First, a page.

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CELEBRATING 100 YEARS
1916—2016
WCDB presents: Speedy Ortiz, Daddy
Issues, Candy Ambulance, and Noods
Where: Low Beat
When: April 9, 7 p.m.
ALBANY STUDENT PRESS
TUESDAY, APRIL 5, 2016
ISSUE 20
ALBANYSTUDENTPRESS.NET
CRIME
ASSAULT REPORTS UP 200 PERCENT
By LINDSEY RIBACK
Reports of sexual assault on the University
at Albany campus hit 150 in 2015 - a 200
percent increase from the previous year,
according to Chantelle Cleary, UAlbany’s
Title IX Coordinator.
UAlbany is taking a different approach
from other schools, embracing the rising
numbers.
“I know it sounds crazy to say, but
we want reports to go up,” said Cleary.
“We know it is happening and if it’s not
being reported to us, we are not getting
services to these people who have had these
experiences.”
The former prosecutor for the Assistant
District Attorney in Albany said national
statistics indicate that one in four women
are sexually assaulted on college campuses.
UAlbany has an undergraduate student body
of roughly 17,000 with an almost even male
to female ratio. This means that there should
be roughly 2,100 reports of sexual assault
reported to the university each year.
Cleary attributes the 200 percent increase
in reports to the student body’s awareness
of the resources available to them and
recognizes that this is a great start. However,
she also acknowledges that the number is
much lower than expected so there is still
much to be done.
In 2014, President Robert J. Jones
opened up the Advocacy Center for Sexual
Violence with Carol Stenger as the director.
Currently, UAlbany is the only school in the
SUNY system with its own sexual violence
resource center. The following year he hired
Cleary as the university’s full-time Title IX
Coordinator, and in March 2016 he added a
second full-time Title IX Coordinator, Tricia
George.
The main purpose behind the center, which
Stenger refers to as a “one-stop shop,” is to
give victims of sexual assault a chance to
be heard even if they choose not to press
charges, along with providing any resources
they may need.
“The very first thing we are going to
offer you is a good listening to,” Stenger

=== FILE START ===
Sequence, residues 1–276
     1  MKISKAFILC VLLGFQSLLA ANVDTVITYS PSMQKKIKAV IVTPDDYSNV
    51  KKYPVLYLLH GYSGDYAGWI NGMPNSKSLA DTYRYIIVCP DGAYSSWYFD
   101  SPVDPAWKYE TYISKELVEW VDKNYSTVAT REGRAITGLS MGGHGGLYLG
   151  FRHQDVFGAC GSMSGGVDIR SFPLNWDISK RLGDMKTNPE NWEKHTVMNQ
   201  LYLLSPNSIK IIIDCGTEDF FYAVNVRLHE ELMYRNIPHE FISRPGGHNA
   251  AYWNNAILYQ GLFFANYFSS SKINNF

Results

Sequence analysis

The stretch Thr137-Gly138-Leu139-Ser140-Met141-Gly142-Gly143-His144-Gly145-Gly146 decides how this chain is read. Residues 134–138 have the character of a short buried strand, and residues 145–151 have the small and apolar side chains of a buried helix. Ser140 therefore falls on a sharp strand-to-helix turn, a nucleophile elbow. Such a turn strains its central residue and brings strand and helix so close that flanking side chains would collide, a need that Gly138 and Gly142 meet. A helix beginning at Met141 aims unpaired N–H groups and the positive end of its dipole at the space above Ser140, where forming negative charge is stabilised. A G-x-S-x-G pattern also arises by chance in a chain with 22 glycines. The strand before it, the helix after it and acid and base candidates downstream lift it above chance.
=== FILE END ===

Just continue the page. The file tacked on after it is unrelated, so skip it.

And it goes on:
said. “You just had someone take away
your decision making, they’ve decided what
you’re going to do with your body and with
your space. We want to give you that control
back, we don’t want to take it away from you
and say this is what we’re going to do.”
Unlike the Title IX office, the Advocacy
Center is completely confidential, so Stenger
is only required to report the date, time and
location of the attacks to the university unless
the victim chooses to pursue an investigation.
In the event that the student does come
forward, Stenger will inform Cleary, whose
job it is to then determine if the victim wants
the university to conduct an administrative
investigation, the police to conduct an
investigation, both or neither. The purpose of
the administrative investigation is to decide if
any UAlbany policies have been violated.
“When I reach out to a student after
receiving a report, my mission
is to ensure that they are aware
of all of their options so that
they can make an informed
decision… and they’re in the
driver’s seat,” Cleary said.
For each incident, Cleary and
George meet with the Sexual
Misconduct and Response
Team, SMART, to determine
what is best for the campus
community as a whole, but they
also do their best to honor the
victim’s request.
According to Cleary, the
main driving force behind the
university’s approach to report
sexual assaults has been Jones,
who “has been not only fully
committed, but a leader on this.”
Stenger also noted Jones’
and the university’s collective
support, hoping this will make
students more likely to come
forward.
Brian Busher / ualbanyphotos.com
“The university would not
Chantelle
Cleary
at
the
East Campus’ #JustAsk
be funding a place like this if
Rally
for
Change
in
October.
they wanted to shove this stuff
under the rug,” she said. “Having
Advocacy Center for Sexual Violence is open
a stand-alone agency says
from 8:30 a.m. to 5 p.m. Monday through
something about the university’s approach
Friday, and can be found in Indian Quad’s
which I hope would also make people more
Seneca Hall basement. To file a report of
comfortable.”
sexual conduct to the university, Chantelle
To confidentially report an incident
Cleary can be contacted at 518-956-8168.
of sexual violence or to seek support, the
ADVOCACY
DRUG SAFETY
Albany to get more handicap-friendly New York readies for
and automatic door
openers on campus,
the university website
is equipped with
button-press and mouse
navigation, making
the site accessible
to visually impaired
students. Videos on
the site are also fully
captioned for those who
are hearing impaired.
The DRC is responsible
for the upkeep of all of
these tools.
The partnership
between Albany and
the NE ADA will
mostly help Albany
businesses. The NE
ADA will help them
Christopher Pounds / Albany Student Press make their websites and
physical stores more
Buttons for opening doors automatically are just one feature to help handicap
accessible.
students around campus.
Places such as parks
city more accessible to disabled
By MILO VOTAVA
and crosswalks are
citizens.
also expected to receive some
Although the collaboration is
Changes may be coming
changes. While the ADA is not